Old Times’ Stake – A short story

Over at Flash! Friday they are having a bonus writing contest with a larger limit, a whopping 1000 words! We still had to incorporate a theme, which was Mischief and we had to base our take around the following prompt:

Doffer boys, Jan 1989. Public domain photo by Lewis Hine.

Doffer boys, Jan 1909. Public domain photo by Lewis Hine

Old Times’ Stake

Old man Jenkins heard a thump at his front door. About time! He moved slowly, visibly wincing with every step. The door creaked in protest as he opened it to reveal his daughter, looking concerned. He peered around cautiously and ushered her inside. He whispered, “Elsie, what are you doing here?”
“Nice to see you too Dad. I was in the neighbourhood.” She reached into her purse and pulled out a silver cross, “This was on your doorstep. Care to explain?”
Jenkins thought fast, “I joined a new church. Guess that’s the welcome gift.”
Elsie nodded, “Oh I see, well I guess they’re not so welcoming because this was on top of it.” She pulled out a long wooden stake and pointed it accusingly at her Father, “It’s started again hasn’t it. How long?”
Jenkins mumbled, “About a week.”
Elsie gave him a stern look, “A week! Why didn’t you say anything?”
“You’ve got your own problems. It’s nothing to worry about.”
“This has been going on long enough. I’m calling the police!”
He let out a chuckle, “And tell them what, that kids are leaving camping equipment and religious items on my doorstep? I’m sure they’ll have their top detectives down here pronto.”
“It’s harassment, plain and simple. It was funny thirty years ago, but now you’re a helpless old man. How many times do we have to squash this rumour that you’re a vampire?”
“I guess at least once more.”
Elsie shook her head, “Just because you enjoy midnight strolls, doesn’t give them the right to treat you like this. I won’t have you living in fear. Come stay with me and the kids until all of this dies down.”
Jenkins expression immediately soured, “Absolutely not! I won’t be a burden to you and your family. Speaking of which, you should be getting back.”
He nudged her towards the door but she stepped around him, “I know you keep avoiding the subject but you can’t live alone forever. What if you fell?”
She moved into the living room, “It’s freezing in here Dad, why don’t you light the fireplace?”
Jenkins smiled and bent down to retrieve something from a drawer, but he suddenly clutched at his back. Elsie gently directed him to the sofa. The arthritis had come on so quickly. Just a month ago he was a sprightly old man, fitter than men half his age. Now here he was, hobbling around, frail and vulnerable.
“What have I told you about overdoing it? You’re not exactly a spring chicken.”
“In my day…”
She cut him off, “I know, you walked twenty miles to school barefoot in the snow, wrestling grizzly bears all the way.”
“You forgot the Werewolves…”
She punched him playfully in the arm. He reached out and handed her what he’d retrieved. She recognized it as her Mothers favourite hand knit scarf. He said, “If you won’t leave at least put this on. It will keep you warm.”
She wrapped the scarf around her neck. It smelled old and musty, with distinct undertones of something pungent. She reminded herself to have a long bath when she got home.

Elsie noticed a pile of photographs strewn across the coffee table. She picked one up and admired the young men staring back at her. Her Dad was instantly recognizable, a freckly youth with some stylish suspenders and a twinkle in his eye, “What’s this picture Dad, I’ve never seen it before.”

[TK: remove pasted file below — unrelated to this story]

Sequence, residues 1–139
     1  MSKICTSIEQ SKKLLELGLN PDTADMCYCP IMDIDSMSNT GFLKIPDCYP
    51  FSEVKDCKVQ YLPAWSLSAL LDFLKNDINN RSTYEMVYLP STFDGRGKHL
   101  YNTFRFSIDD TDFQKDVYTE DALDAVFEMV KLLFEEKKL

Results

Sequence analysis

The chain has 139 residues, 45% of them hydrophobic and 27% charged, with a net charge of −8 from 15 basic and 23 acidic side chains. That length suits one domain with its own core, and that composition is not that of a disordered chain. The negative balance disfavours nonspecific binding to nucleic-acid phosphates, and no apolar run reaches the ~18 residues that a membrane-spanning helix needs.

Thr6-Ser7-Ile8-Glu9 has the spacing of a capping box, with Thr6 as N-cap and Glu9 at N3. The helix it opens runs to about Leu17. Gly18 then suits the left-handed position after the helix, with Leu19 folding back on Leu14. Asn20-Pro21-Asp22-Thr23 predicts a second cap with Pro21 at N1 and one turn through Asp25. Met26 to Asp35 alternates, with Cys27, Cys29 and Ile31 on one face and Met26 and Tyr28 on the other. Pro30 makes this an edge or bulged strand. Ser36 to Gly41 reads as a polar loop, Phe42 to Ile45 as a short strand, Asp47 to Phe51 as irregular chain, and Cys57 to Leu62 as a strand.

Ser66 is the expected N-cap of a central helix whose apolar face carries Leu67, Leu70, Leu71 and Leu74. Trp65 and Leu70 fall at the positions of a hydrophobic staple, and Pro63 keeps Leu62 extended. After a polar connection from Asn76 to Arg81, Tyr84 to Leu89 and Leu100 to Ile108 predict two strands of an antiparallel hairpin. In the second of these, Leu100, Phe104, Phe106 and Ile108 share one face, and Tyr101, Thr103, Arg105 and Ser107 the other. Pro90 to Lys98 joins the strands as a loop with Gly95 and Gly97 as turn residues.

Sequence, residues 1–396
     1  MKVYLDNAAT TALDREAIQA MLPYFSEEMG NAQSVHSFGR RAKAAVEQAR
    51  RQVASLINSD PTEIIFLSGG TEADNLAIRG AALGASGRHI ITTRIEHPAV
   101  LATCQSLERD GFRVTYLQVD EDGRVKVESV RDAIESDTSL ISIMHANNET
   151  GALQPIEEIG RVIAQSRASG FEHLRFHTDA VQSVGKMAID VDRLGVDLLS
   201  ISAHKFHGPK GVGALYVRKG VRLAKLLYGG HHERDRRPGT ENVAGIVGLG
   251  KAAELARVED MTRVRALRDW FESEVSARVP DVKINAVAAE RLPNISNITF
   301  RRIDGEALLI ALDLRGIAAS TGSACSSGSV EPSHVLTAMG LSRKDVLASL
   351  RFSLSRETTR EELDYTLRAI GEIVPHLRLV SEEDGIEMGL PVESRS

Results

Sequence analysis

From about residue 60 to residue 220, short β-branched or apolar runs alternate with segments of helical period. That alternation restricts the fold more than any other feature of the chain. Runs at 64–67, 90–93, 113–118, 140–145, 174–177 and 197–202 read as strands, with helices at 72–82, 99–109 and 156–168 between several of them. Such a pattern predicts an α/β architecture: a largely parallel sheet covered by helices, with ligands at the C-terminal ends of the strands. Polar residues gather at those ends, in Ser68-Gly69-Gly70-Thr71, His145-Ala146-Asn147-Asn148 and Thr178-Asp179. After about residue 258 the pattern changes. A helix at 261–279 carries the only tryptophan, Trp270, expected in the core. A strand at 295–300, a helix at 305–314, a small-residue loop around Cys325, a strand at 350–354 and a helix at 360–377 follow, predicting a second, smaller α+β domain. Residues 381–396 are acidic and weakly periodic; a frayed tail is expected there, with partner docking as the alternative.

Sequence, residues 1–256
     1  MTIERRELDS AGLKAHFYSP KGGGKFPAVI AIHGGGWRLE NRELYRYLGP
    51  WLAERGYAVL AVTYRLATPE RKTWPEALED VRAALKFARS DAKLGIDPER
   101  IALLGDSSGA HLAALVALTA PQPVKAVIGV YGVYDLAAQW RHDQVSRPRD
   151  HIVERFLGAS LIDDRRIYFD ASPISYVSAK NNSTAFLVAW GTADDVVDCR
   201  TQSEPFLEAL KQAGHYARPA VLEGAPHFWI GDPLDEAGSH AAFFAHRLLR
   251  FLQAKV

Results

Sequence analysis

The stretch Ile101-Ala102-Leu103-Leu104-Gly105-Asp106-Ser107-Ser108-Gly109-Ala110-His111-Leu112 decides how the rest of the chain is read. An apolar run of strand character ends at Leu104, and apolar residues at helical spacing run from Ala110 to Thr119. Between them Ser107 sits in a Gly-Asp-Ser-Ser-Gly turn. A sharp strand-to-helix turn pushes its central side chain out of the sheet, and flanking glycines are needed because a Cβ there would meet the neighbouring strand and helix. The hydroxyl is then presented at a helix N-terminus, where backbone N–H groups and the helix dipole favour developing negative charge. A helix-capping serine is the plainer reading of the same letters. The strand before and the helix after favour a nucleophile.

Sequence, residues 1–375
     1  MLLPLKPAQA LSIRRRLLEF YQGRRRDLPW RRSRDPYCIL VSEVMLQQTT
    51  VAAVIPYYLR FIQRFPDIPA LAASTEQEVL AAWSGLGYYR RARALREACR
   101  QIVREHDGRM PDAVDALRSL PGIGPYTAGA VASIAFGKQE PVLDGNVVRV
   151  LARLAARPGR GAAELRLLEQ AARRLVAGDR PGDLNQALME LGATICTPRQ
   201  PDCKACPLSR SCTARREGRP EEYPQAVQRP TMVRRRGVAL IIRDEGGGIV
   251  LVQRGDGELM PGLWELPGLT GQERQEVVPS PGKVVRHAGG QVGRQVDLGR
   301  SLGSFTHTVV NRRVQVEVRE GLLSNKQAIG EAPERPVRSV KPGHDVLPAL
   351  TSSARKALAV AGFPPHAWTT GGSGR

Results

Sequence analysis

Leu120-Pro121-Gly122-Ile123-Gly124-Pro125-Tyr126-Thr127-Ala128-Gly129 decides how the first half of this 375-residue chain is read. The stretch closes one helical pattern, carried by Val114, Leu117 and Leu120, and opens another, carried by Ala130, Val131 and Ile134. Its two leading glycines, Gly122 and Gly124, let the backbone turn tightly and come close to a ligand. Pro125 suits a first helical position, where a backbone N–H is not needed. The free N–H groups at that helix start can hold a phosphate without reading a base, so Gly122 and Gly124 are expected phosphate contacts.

Jenkins squinted, “Oh that’s just me and my old school buddies. We got up to all sorts of mischief, the kind kids just don’t understand these days.” He gazed off into the distance.
Elsie joined him on the sofa, “Did I ever meet them?”
“I’m afraid I stopped hanging out with them as soon as you were born. Couldn’t get into trouble with a family at home.”
“Where are they now?”
“All dead except Simmons, that tall kid at the back.”
“That’s terrible, what happened?”
“Wild wolf killed Peters. Smith lost his mind and died suddenly.”

There was a loud thump at the door which made Elsie jump.
“Are you expecting someone?”
The fear was back in her Dad’s eyes. Before he could stop her she jumped out of her seat, “It better not be those damn kids!” She swung the door open to find a young man dressed all in black. He smiled, “Good evening miss, I am looking for Mr. Jenkins.”
Elsie said, “You’re in the right place. Please come in.” There was a niggle at the back of her mind, “Do I know you?”
Her Dad was the one to reply, “Elsie dear, this is the old friend I was just telling you about, Mr. Simmons. Please come over here.”
Before she could escape Simmons grabbed her arm. She struggled as he smiled a wicked grin, revealing prominent fangs, “Nice to see you old friend. I see the years haven’t been kind. I will kill your daughter quickly, for old times’ sake, but I’m afraid you won’t get that same courtesy.”
He lunged for Elsie’s neck. She screamed and waited for the sharp pain, but none came. Instead there was an intense rasping. The grip loosened and she turned to see Simmons grasping his throat.

Jenkins moved with amazing speed, cartwheeling over the couch and picking the stake up off the floor in one smooth motion. He flung it with enough force to pin Simmons to the wall, where he squirmed and shrieked before dissolving into a pile of ashes.
Elsie stared, dumbfounded. She could only manage, “How?”
Jenkins took a deep breath, “The short version is, the arthritis was a ruse, the scarf is garlic infused and the stake was a gift from the neighbourhood priest to help me do my job one last time. The long story is quite something else, and really requires at least a cup of tea and possibly something stronger. It’s about time I filled you in, so pop the kettle on and pass the biscuits.”


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